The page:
Romans 4:18-25, Luke 24:1-9
In verse 18, Paul states, “Who against hope believed in hope, that he might become the father of many nations.” God had promised Abraham that he would be the father of many nations and that Sarah would be the mother of nations (Gen. 17:4, 16). Abraham believed God and God counted his belief for righteousness (Gen. 15:6).
A belief in hope against hope is a belief that the very unlikely will happen. Abraham was justified by faith because he believed God would do the impossible. Paul, in commenting upon Abraham’s faith, gives two reasons for Abraham not to believe God. The first was that his body was now dead. The second was the deadness of Sarah’s womb. Abraham was approximately 100 years old and Sarah was around 90. In the natural course of a lifetime, hormonal changes occur in both males and females. Those changes had occurred in both Abraham and Sarah. It was impossible for Abraham to be a father and for Sarah to be a mother (v. 19).
When God told Abraham that the impossible would happen, Abraham gave glory to God. Unbelief was not found in him. Believers of today know of Abraham’s faith because of that which is recorded in the book of Genesis. We know that God spoke to Abraham when he dwelt in Ur. We know that Abraham left his kindred to go to a land that God would show him. We know what happened to Abraham in that land. We know that God caused Abraham to prosper and to become wealthy.
Through the word of God, we know that the Lord waited to fulfill His promise that Abraham would become the father of many nations. There is a reason that God made Abraham wait. It was God’s will that Abraham’s faith be revealed to men. The Lord would have all men trust Him as Abraham trusted Him. Believers should note that God counted Abraham’s belief for righteousness (Gen. 15) before He promised to make Abraham the father of many nations (Gen. 17). Abraham’s faith that God would do the impossible preceded God’s doing the impossible. Believers are saved by believing that God has done the impossible.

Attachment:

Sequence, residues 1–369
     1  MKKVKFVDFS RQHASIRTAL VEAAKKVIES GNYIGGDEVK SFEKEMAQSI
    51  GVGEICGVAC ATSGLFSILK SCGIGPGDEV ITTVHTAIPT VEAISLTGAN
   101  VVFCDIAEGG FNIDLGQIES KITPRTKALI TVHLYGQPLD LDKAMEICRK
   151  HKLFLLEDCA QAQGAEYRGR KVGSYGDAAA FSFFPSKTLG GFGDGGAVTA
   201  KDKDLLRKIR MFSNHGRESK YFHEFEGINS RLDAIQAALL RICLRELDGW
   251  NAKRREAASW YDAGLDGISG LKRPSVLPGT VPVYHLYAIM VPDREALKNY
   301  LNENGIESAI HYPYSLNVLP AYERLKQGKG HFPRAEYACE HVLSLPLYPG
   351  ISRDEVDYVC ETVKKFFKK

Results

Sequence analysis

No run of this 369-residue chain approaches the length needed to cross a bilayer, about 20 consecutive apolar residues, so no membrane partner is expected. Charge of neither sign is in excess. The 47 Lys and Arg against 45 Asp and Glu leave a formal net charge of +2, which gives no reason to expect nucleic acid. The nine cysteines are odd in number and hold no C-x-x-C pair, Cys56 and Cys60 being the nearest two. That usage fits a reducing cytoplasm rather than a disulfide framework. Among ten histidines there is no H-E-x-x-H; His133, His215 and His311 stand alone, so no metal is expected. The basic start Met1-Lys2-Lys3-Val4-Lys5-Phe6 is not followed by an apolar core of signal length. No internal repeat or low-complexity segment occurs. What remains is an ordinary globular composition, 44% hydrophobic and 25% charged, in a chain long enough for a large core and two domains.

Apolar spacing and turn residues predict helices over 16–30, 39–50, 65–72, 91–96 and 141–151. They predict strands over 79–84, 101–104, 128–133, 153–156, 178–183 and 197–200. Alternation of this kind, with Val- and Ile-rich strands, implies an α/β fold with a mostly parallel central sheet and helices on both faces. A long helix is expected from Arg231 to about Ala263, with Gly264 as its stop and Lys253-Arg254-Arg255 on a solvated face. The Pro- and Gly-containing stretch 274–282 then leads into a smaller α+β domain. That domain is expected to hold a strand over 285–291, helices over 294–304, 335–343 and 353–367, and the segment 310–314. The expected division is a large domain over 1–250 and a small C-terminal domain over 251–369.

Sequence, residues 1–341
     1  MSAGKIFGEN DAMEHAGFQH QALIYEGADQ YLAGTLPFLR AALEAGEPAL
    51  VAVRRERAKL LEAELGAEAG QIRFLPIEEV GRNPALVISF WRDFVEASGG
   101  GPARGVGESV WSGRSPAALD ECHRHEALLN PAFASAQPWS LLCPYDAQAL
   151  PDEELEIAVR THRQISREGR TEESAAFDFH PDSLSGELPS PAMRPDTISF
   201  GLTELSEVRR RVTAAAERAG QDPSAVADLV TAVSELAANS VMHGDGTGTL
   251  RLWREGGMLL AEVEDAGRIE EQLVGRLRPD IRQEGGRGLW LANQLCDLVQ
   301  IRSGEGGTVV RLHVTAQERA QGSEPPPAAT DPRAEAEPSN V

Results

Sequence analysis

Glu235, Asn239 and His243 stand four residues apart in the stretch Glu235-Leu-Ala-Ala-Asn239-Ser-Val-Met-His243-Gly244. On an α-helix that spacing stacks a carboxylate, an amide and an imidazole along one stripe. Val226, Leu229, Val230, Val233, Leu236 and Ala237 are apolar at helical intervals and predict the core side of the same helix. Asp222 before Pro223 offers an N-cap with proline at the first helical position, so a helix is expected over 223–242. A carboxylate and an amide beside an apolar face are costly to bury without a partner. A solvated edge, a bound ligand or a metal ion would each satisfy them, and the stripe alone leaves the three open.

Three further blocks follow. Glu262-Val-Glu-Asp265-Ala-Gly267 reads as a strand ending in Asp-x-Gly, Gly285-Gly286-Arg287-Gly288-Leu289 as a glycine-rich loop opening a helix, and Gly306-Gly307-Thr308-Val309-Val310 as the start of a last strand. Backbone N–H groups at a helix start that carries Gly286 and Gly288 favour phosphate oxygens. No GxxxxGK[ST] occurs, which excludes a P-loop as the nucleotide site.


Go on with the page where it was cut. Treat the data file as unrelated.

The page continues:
In verses 24 and 25, Paul states the belief which God counts for righteousness. One must believe that He raised up Jesus from the dead. God counts belief in the Son as righteousness as He counted Abraham’s belief.
New Testament believers are confident that Jesus’ death upon the cross satisfied the wages of sin. Because Jesus was raised from the dead, believers know with certainty that God the Father accepted the sacrifice which the Son made for all who will believe.
Luke 24 is an account of that which followed Jesus’ resurrection. Luke recorded that which he recorded such that Theophilus (and all who read Luke’s gospel) might know the certainty of the things concerning Jesus which have been declared (Luke 1:4).
The “they” of verse 1 were women from Galilee who, believing Jesus to be the promised Messiah, had followed Him. Seven days earlier, they had strewn palm branches before Him as He made His entry into Jerusalem. Now, they brought spices which they intended to apply to His dead body. His body had been placed in the sepulcher just before the setting of the sun on the day preceding the sabbath. They came to the sepulcher in the early daylight hours on the morning following the sabbath and found that the stone sealing the sepulcher had been rolled away. Upon entering the sepulcher, they found that the body of Jesus was not there.
They saw two men clad in shining garments and heard them say, “Why seek ye the living among the dead? He is not here, but is risen” (v. 5b, 6a). The belief which defines the New Testament believer is the resurrection. God’s word declares that Christ arose.
The two in shining robes brought to memory that which Jesus had said to them in Galilee. Jesus had told them that He would be delivered into the hands of men (Lk. 9:44). The women believed the words which they heard and told them to “all the rest.”
On the first Easter, believers shared that which they knew to be true with all the rest. Let us celebrate in like manner.